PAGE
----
The daguerreotype process, invented by pioneering French photographer Louis Daguerre, came into widespread use from the early 1840s to the late 1850s.
The long exposure times required for these early photographs meant that they were not suitable for commercial portraits. The first subjects tended to be street scenes and cityscapes.
Some scenes of even the most bustling cities are eerily devoid of humans, except for the odd few who were still for a few minutes, to pose as a group, to sit on a step, to or have their shoes shined. Most people passed by the tripod-mounted wooden boxes without leaving a trace.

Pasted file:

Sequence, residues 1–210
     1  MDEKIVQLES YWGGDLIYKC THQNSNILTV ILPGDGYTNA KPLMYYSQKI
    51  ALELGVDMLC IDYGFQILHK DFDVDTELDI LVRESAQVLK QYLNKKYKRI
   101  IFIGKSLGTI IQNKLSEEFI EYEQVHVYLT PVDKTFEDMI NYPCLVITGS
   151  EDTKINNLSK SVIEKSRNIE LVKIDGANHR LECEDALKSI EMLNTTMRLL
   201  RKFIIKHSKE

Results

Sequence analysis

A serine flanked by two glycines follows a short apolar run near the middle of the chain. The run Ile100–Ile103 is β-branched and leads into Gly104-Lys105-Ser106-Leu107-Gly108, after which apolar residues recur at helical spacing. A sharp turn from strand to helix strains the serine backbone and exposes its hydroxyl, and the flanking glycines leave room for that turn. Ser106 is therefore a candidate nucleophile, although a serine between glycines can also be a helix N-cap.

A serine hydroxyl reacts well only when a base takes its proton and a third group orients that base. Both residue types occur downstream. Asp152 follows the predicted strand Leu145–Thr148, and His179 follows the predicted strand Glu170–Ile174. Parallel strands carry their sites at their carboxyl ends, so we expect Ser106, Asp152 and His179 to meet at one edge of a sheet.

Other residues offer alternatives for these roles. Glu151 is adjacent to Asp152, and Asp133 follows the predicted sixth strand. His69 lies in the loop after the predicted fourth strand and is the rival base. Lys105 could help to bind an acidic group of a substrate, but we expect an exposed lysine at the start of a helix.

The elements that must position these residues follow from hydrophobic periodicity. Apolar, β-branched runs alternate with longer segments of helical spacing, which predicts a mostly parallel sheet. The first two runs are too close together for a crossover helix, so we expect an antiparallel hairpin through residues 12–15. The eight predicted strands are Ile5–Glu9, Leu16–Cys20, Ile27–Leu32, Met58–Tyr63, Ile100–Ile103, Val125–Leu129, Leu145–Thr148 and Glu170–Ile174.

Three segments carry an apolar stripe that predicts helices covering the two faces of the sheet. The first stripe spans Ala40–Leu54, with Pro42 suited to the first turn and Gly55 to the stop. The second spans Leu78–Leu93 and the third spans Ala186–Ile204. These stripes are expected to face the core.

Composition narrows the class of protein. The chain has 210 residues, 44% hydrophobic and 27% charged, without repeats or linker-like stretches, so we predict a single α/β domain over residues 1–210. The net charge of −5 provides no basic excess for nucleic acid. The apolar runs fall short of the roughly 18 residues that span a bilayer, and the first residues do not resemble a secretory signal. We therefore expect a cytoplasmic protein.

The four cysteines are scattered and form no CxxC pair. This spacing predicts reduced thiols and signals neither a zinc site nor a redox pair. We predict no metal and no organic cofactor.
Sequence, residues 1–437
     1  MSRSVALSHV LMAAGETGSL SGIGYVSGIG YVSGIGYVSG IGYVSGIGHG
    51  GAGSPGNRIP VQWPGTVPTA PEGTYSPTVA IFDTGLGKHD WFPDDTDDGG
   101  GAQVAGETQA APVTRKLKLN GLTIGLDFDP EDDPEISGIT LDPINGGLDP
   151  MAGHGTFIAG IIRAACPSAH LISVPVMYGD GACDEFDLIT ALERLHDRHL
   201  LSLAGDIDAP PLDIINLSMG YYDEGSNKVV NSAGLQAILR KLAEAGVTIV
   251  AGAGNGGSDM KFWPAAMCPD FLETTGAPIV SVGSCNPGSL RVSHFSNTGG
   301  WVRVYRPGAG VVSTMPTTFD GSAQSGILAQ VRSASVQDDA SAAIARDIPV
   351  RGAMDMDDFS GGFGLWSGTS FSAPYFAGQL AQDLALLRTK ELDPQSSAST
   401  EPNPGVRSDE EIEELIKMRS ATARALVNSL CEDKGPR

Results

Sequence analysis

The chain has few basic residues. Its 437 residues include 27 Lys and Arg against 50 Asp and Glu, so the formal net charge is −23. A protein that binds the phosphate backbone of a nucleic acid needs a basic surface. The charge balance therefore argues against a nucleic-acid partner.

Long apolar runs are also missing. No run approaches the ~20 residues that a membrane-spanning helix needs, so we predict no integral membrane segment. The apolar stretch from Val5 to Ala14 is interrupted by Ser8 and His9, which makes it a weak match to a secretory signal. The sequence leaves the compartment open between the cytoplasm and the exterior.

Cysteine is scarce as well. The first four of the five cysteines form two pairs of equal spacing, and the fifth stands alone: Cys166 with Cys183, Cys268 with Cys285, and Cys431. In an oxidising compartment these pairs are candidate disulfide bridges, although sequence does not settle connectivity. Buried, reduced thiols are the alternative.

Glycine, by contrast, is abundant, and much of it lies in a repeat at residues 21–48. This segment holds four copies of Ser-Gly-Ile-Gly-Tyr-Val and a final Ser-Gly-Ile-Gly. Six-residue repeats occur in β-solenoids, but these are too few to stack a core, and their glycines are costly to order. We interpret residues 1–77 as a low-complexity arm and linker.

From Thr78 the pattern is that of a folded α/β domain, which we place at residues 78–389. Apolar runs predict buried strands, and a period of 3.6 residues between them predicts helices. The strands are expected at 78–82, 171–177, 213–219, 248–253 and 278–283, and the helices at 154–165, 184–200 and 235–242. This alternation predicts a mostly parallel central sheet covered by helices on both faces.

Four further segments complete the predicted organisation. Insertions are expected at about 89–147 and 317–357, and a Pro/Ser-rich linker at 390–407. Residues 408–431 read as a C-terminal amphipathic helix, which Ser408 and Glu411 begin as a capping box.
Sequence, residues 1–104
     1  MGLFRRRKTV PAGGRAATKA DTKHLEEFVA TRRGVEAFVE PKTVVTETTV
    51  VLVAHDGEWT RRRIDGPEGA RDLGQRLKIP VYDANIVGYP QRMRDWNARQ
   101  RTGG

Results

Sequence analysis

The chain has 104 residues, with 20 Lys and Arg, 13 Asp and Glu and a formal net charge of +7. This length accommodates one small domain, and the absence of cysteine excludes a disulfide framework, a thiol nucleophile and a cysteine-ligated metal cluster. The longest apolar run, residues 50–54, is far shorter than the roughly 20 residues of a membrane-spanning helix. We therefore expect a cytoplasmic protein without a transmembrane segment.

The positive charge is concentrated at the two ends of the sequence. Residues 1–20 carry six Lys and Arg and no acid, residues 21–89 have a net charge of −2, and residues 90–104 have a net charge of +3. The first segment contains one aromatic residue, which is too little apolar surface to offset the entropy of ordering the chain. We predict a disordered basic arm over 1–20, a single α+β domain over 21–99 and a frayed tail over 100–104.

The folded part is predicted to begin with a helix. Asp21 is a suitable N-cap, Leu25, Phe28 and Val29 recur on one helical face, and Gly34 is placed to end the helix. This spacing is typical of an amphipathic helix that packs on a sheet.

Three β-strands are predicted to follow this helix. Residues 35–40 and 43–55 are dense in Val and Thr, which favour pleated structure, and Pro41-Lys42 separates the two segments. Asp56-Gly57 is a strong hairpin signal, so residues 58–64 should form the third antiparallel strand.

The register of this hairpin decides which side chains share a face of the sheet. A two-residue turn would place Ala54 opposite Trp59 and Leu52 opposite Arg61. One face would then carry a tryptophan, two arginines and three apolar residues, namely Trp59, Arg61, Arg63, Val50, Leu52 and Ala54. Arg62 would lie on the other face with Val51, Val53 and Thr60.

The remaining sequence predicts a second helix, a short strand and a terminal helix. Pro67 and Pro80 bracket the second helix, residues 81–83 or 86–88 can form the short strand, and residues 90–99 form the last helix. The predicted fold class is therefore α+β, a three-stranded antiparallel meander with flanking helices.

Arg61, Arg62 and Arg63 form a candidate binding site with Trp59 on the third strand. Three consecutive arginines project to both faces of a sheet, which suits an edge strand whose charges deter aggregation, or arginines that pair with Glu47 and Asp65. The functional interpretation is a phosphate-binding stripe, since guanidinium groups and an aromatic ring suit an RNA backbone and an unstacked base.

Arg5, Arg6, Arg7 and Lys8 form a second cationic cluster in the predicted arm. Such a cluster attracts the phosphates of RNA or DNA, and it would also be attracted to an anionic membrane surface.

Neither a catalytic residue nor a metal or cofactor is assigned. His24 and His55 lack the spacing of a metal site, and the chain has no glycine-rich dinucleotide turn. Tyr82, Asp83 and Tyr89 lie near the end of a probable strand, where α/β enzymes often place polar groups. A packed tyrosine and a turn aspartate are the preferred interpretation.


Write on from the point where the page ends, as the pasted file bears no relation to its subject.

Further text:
Even though most cities are almost unrecognizable when compared with their contemporary iterations, these early images of well-known North American cities are a visual testament to the changing urban landscape.